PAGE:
It is a good idea that has a conveniently marketable product.

    Has anyone really checked out where the money is really going? Because THAT is the question, and THAT is the mystery.

  11. No one knows where the money goes.

    They are not an official 501C3.

    They have no accounting.

    It's a sad world where anyone who is anyone can start an advocacy non-non-non-profit for profit.

    Flash in the pan.

  12. I've lived and worked in Eastern Congo for the past two years, dealing directly, daily with the CNDP, Congolese army, Mai-Mai groups, FDLR and pretty much anyone else who wields a gun. I've never heard of whistles being used on the front lines. Sure, children are – to carry ammo and other supplies, and to fight. I do, however, remember the Falling Whistles guys. They came through Goma for a couple of days before making idiots of themselves by trying to get to an army-controlled mining area without having first obtained the appropriate political cover, or even the necessary travel permits etc: they got deported and, as far as I'm aware, aren't allowed back in the DRC.

  13. The whistle is a marketing gimmick, yes. Just like rubber bracelets, $20 water bottles, and red t-shirts. But should we begrudge their ability to exploit hipster consumer sensibilities to fund humanitarian work?

    The booklet that gets shipped with the whistle makes clear that the concept is based on a story that one of the founders heard from a group of child soldiers. The group calls it "a small window into a big war," and doesn't pretend to know all the answers or to have invented a silver bullet that will "end the war." The group does not assert to know exactly where or how children are (or are not) used as human shields … it simply uses this story to catalyze investment in 270 Congolese kids.

    As for the accounting issue, the organization is exactly one year old and has not yet received 501(c)(3) status because the IRS has not finished processing its paperwork. Anyone who has founded a non-profit can empathize, and all of this is disclosed in non-bullshit terms on the website.

    The website also makes clear that all proceeds from whistle sales go directly into a restricted bank account and that two staff members of the organization receive $500 per month from donors specifically cultivated to fund overhead expenses. Most everything else (web design, party supplies, research, legal services, etc) is donated.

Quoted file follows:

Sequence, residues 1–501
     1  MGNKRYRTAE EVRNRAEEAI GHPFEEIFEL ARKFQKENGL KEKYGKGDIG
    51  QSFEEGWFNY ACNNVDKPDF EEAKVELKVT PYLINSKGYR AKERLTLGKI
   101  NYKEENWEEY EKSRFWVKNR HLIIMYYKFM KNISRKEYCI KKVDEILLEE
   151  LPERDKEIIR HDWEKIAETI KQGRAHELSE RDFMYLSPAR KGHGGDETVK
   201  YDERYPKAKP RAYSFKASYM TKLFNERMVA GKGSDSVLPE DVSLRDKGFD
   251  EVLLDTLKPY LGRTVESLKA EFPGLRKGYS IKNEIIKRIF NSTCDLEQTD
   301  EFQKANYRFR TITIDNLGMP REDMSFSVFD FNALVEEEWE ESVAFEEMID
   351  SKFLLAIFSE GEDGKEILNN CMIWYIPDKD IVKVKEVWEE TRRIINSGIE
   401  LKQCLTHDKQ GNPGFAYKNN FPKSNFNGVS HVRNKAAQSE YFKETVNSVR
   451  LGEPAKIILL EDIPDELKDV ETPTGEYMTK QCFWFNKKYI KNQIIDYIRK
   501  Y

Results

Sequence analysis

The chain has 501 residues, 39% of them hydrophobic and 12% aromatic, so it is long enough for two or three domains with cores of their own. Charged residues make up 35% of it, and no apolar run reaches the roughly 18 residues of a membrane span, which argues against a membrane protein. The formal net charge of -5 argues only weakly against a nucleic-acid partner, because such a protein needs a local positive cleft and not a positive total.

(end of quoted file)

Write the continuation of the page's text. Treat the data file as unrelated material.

Add that up. In one year, Falling Whistles has spent only $12,000 on salaries, has sold 20,000+ whistles, and is funding the education of 270 Congolese kids. And that's just the beginning.

    So yes, it's a gimmick. But it's not the end of the story.

  14. 20,000 X $40 (avg) = $800,000

    All to 270 Congolese kids?

    where are these 270 kids?

    Conveniently anonymous for their protection?

    Hmmmm. It just doesn't add up.

  15. Well they are officially a 501(c)(3) non profit now…not that it really matters…non-profit status with the IRS doesn't mean you're fulfilling your stated objectives…it's just paperwork.

    The most important thing about Falling Whistles is that they're attempting to bring light to the terrible conditions found in the DRC – the nation is in pieces and needs foreign help badly. It does look like the 'whistles on the frontline' thing is a gimmick – at the best a sole child's anecdote blown way out of proportion – still though – it's a means to draw attention to the region's woes.

    If you're interested in helping I suggest checking out Jatukik Providence Foundation – it's a DC-based nonprofit aimed at getting Congolese orphans aid, rehabilitation from war, and education, among other things.

    Also – Alanna – I miss your blogging!

  16. Just for the record, future commentators, if like 9 of you are writing anonymously, it's really hard to keep track of the arguments you're making. On the other hand, the schizophrenic chamber choir effect is kind of fun.

    I have a question, though: Who are these kids fighting for now? I haven't been back to DRC since Nkunda was arrested, but presumably these kids got incorporated into somebody's militia. My point is, this is not a static conflict, and this version of it feels stale to me. Which also raises a question about how a group of well-intentioned people (who allegedly got kicked out of DRC for being none to savvy to the situation on the ground, per one of several Anonymous identities…) are going to "advocate for the freedom" (per their website) of kids whose situation they apparently don't understand all that well.